Matthew B. Stannard
San Francisco Chronicle
September 22, 2008

A year ago, the Iraq war was a sure bet to dominate the 2008 presidential campaign.

Gen. David Petraeus, admitting frustration at the war’s slow progress, predicted that the size of the U.S. force in Iraq would remain largely unchanged for the foreseeable future. American troops were dying at a rate of two or three a day. And one-third of voters said in a Gallup poll that Iraq would be the determining issue in who they’d vote for in November.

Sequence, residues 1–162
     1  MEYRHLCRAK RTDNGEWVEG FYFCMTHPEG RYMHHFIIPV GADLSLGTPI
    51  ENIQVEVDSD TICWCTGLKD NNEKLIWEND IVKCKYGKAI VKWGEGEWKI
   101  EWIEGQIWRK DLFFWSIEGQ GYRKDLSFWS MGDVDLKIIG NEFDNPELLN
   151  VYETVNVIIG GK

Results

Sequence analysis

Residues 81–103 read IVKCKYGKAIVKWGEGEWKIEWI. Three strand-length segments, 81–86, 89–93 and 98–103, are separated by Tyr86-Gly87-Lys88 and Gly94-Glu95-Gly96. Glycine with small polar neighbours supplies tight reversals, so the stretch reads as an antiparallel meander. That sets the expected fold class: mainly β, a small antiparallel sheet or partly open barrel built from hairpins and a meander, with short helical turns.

Against that backdrop, the two future presidential nominees couldn’t have been further apart. Sen. Barack Obama was calling for an immediate troop withdrawal; Sen. John McCain was warning that a date for withdrawal would be “a date for surrender.”

What a difference a year makes.

Today, Iraq is quieter, a turn that most experts attribute to the increase in troop strength and a renunciation of violence by U.S.-paid Sunni militias and rogue Shiite groups. Just eight American troops were killed in action in Iraq in July, the lowest level since the war began, and just 12 were killed in August.

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